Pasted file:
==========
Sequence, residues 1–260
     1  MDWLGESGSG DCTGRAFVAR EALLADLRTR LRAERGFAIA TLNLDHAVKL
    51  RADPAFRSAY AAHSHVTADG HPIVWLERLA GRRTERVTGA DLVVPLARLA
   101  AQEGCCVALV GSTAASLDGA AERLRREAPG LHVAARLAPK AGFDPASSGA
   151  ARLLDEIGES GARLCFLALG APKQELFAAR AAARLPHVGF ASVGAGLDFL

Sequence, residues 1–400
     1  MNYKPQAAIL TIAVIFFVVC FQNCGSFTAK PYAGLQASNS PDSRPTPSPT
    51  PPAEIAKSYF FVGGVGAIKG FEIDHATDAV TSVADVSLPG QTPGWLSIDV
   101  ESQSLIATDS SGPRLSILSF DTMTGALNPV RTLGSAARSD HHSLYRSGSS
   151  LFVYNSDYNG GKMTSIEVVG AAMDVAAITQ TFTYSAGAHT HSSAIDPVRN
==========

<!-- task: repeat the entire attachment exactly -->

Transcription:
Sequence, residues 1–260
     1  MDWLGESGSG DCTGRAFVAR EALLADLRTR LRAERGFAIA TLNLDHAVKL
    51  RADPAFRSAY AAHSHVTADG HPIVWLERLA GRRTERVTGA DLVVPLARLA
   101  AQEGCCVALV GSTAASLDGA AERLRREAPG LHVAARLAPK AGFDPASSGA
   151  ARLLDEIGES GARLCFLALG APKQELFAAR AAARLPHVGF ASVGAGLDFL

Sequence, residues 1–400
     1  MNYKPQAAIL TIAVIFFVVC FQNCGSFTAK PYAGLQASNS PDSRPTPSPT
    51  PPAEIAKSYF FVGGVGAIKG FEIDHATDAV TSVADVSLPG QTPGWLSIDV
   101  ESQSLIATDS SGPRLSILSF DTMTGALNPV RTLGSAARSD HHSLYRSGSS
   151  LFVYNSDYNG GKMTSIEVVG AAMDVAAITQ TFTYSAGAHT HSSAIDPVRN